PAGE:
Wednesday, 18 October 2017

Panel savings

SAVINGS of more than £3,500 have been made by installing solar panels in Henley.

SAVINGS of more than £3,500 have been made by installing solar panels in Henley.

Henley Town Council agreed to the installation of 179 black-framed panels at the Over-60s Club in Greys Road car park, Henley outdoor sports centre and Exclusively Ladies fitness centre, both in Reading Road, in October.

In the six months since their installation, which cost £55,604, the energy produced by the panels saved the council £3,510. The council initially expected to save £6,410 for the whole year.

Energy consumption at the Over-60s club was reduced by 36 per cent between January and June compared to the same period last year.

Councillors have now suggested expanding the project to cover other buildings, including the town hall despite opposition from some of its members as well as English Heritage, and have revived a sustainable working group. At a meeting of the council’s finance strategy and management committee, chairman Councillor Ian Reissmann said it was on course to meet targets for savings and reducing carbon dioxide emissions.

Councillor Elizabeth Hodgkin called the figures “terrific” and Mayor Stefan Gawrysiak said they were “very, very good”.

He said: “The environment box has been ticked and we have saved £3,500 from the dark months of the year. If we double it we will save £7,000 but it could be £9,000. It’s a very good deal and a really good news story for Henley.”

The town hall was also originally nominated for solar panels but after English Heritage opposed the idea due to the effect it would have on the building, councillors voted not to take it any further at the time.

However, Councillor Gawrysiak said the council should now reopen the debate. Councillor Will Hamilton said: “I welcome the savings they have made but I still think they are particularly ugly and we shouldn’t have got them in a conservation area.”

Cllr Reissmann said there were opportunities for more solar panels to be introduced in the town, including the town hall, and didn’t believe they were all unsuitable.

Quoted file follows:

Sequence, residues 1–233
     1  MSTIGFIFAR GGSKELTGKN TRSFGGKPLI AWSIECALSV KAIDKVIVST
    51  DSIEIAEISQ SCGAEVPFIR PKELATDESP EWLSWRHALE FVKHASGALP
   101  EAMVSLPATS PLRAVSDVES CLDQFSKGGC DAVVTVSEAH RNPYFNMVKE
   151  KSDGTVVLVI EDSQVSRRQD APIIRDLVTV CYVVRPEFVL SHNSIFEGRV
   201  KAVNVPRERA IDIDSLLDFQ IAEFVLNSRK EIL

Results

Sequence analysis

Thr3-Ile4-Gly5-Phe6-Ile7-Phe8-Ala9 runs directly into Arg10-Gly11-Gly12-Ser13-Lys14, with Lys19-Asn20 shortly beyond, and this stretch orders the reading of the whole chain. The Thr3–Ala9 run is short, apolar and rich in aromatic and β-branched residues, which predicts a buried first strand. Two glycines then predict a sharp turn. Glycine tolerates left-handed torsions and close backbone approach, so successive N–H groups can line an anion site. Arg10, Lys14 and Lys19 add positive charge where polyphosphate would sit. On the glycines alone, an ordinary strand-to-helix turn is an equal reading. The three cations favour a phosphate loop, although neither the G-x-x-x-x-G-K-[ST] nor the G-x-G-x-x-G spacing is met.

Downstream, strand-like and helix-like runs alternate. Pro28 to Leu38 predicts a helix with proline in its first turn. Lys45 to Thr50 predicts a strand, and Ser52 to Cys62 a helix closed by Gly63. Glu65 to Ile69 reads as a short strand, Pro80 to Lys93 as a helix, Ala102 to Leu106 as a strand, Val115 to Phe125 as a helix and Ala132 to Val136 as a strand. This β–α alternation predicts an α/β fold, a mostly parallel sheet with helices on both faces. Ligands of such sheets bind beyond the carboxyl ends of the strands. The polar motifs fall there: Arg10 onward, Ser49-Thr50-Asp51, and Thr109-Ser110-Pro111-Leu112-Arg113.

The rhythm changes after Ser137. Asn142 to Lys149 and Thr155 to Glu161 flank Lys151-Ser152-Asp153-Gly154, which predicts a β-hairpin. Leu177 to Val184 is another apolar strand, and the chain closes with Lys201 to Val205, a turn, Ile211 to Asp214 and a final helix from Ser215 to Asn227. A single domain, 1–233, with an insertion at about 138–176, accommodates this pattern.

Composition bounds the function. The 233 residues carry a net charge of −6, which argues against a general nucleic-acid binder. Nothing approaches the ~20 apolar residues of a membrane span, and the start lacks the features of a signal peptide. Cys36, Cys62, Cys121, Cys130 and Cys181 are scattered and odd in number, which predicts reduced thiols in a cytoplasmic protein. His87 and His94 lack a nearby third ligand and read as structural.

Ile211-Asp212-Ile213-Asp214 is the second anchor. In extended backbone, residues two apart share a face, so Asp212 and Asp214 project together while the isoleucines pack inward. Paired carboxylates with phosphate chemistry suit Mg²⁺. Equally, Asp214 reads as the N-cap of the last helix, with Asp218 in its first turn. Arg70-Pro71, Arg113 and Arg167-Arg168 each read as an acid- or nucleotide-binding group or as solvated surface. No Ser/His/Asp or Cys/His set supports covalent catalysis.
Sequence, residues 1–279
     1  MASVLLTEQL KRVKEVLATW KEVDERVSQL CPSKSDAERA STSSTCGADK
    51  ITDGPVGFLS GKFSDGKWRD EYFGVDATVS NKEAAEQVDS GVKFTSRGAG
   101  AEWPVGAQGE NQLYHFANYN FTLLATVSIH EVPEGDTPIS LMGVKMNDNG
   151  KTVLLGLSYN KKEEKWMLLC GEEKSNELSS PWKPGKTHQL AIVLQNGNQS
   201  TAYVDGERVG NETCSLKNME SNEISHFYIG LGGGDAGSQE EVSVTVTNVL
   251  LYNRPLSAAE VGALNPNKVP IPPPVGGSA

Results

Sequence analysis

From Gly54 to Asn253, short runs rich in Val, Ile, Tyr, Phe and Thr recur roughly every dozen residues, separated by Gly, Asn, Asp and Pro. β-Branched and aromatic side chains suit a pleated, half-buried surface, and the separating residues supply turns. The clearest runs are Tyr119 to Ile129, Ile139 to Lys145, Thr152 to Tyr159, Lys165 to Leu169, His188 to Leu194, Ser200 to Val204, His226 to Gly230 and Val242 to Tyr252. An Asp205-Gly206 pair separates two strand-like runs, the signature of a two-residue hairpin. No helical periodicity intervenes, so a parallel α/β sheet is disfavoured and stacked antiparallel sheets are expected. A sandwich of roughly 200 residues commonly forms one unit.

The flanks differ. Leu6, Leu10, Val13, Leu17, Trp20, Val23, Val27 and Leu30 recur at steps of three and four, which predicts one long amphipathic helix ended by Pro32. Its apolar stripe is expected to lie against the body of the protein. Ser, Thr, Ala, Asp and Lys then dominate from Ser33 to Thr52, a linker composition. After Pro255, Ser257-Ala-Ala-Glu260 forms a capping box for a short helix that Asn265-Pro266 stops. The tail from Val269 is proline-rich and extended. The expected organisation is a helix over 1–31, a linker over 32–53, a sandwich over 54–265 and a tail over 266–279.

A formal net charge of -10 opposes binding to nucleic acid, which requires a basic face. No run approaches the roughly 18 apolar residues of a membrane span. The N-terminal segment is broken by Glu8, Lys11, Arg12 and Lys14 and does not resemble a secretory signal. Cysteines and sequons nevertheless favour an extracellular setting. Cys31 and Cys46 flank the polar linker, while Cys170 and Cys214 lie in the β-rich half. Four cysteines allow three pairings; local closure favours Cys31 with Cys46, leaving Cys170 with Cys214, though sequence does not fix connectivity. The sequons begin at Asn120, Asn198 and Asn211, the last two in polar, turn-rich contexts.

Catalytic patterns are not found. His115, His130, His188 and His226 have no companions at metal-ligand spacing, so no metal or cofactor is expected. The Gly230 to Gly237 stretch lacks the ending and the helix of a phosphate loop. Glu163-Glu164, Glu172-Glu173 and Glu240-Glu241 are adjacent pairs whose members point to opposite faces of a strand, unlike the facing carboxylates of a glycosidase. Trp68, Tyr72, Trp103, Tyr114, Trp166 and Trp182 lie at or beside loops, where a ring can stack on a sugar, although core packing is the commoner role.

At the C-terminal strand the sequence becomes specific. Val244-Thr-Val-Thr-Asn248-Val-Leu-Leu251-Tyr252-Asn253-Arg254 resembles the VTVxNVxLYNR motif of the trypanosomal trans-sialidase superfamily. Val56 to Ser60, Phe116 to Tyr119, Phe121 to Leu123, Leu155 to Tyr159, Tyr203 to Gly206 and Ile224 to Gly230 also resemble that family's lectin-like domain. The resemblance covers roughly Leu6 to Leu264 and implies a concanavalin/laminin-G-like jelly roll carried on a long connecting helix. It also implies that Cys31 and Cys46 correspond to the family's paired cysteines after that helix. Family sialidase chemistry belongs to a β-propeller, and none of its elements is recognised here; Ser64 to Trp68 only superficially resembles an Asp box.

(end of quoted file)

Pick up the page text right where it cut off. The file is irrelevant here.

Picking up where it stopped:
He said English Heritage has concerns about the way the panels would be fixed to a listed building and its visibility.

“English Heritage believes that if we engage with it there’s a reasonable chance we can do something that will meet all the objections,” said Cllr Reissmann.

“I would like to see what opportunities there are to extend this sustainable project.”

Cllr Reissmann suggested reviving the sustainable working group from last year to investigate the options on the town hall as well as other possible locations for panels and other measures for energy saving. He proposed a council officer to be involved but this was rejected by other councillors and clerk Mike Kennedy, who said they already have many other responsibilities.

Cllr Gawrysiak said the group should be set up to establish a principle of energy saving in the town.

He added: “We have a duty to progress these items. We’ve proved that these figures are good for Henley so it’s important that we do pursue this.”

Deputy Mayor Martin Akehurst questioned whether the panels would even be visible from the street if they were placed on the flat, horizontal part of the roof rather than on the slope.

The council voted by five members to four to set up the working group again. It will include Cllr Reissmann and Cllr Gawrysiak as well as three residents who were previous members but there will be no council officers involved.

Tenants of the three sites could also benefit from the savings as the council will be take into account the reduced energy costs when leases come up for renewal where applicable.

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